The principles that guide HLN’s actions are based on a key concept: mutualisation. We are convinced, although operating in a sector that is rather competitive with institutional funding, and in which the funds allocated are insufficient to meet humanitarian needs, that the pooling of resources in the logistics sector (“mutualisation”) is an added value for all our organisations. We recognise that our organisations compete for funding, but we work together to achieve efficiency and reach the most vulnerable populations despite limited funds. This is what we call “cooperation”.

While remaining informal, the network has been structured over the years through a dynamic and engaging system of governance, keeping the group active and loyal.

To date, the HLN, is composed of nine members[1], but the scope of its activity extends far beyond this historical core. Indeed, if we take the example of the Air Bridge currently coordinated by the HLN, it is about sixty members who benefit from its activity, and in which each partner has a voice.

© Pallets from the Humanitarian Logistics Network, HLN.

Apart from the airlift, can you give examples of the added value that HLN can bring to humanitarian NGOs?

Several actions have been carried out over the years by HLN, and have shown that collaborating in the logistics sector is beneficial to humanitarian organizations.
The most obvious example is the implementation of joint procurement between organisations. Following the example of private sector companies, we have decided to conduct joint tenders with several NGOs. By leveraging the combined volumes of each organization for a given contract, we achieve critical amounts that allow bidders to offer much more competitive prices than would have been obtained by one organization alone. Savings can reach 8 to 10% depending on the market!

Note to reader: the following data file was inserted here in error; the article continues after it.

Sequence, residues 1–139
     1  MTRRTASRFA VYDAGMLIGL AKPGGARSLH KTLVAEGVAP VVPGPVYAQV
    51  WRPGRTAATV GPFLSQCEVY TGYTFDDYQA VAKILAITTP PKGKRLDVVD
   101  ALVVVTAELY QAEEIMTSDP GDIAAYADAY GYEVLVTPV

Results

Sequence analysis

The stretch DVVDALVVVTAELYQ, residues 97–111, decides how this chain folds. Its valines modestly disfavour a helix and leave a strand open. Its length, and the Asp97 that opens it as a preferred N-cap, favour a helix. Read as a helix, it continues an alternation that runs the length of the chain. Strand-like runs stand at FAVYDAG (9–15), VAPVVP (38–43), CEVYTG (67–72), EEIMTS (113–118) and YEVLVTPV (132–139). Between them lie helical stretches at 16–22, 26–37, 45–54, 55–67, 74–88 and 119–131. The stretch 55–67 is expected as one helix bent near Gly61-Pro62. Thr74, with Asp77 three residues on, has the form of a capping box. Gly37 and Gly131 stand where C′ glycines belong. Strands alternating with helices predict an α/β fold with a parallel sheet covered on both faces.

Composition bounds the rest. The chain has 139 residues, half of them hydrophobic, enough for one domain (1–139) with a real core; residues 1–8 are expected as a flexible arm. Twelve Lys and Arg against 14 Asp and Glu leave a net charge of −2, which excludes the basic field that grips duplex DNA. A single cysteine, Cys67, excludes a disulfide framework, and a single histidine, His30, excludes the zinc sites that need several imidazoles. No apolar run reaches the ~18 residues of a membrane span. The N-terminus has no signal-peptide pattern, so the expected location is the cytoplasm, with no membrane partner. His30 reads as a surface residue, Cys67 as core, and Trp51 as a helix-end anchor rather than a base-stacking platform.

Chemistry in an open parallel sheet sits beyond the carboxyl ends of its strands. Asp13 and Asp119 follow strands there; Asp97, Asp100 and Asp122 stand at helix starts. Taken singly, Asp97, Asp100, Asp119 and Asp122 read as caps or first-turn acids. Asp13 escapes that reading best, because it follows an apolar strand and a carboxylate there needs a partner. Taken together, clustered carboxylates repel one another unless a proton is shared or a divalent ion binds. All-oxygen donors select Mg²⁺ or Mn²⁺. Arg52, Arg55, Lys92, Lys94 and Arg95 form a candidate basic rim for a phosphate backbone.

At the same time, the humanitarian sector is also in the era of digital transformation, and must modernize to meet the ever-increasing need for efficiency and an ever-growing volume of data to be processed. In order to manage logistics flows as efficiently as possible, humanitarian organisations must equip themselves with supply chain information systems (software). These systems are expensive, and the particularities of humanitarian activity make it complex to use pre-existing software created for the private sector. In the same way as purchasing groups, we believe that access to the digitisation of logistics should be mutualised through cost sharing. Moreover, our operations and procedures are similar, the data we process is categorised in the same way, and our employees often move from one organisation to another throughout their careers.

Therefore, we advocate the idea of operating around a common information system, developing and improving it together, and sharing costs. This idea has already been put into practice, since to date, a logistics information system (“LINK”, developed by Action contre la Faim) is already in use or under development for two other members of HLN (including Humanité & Inclusion and Solidarités International).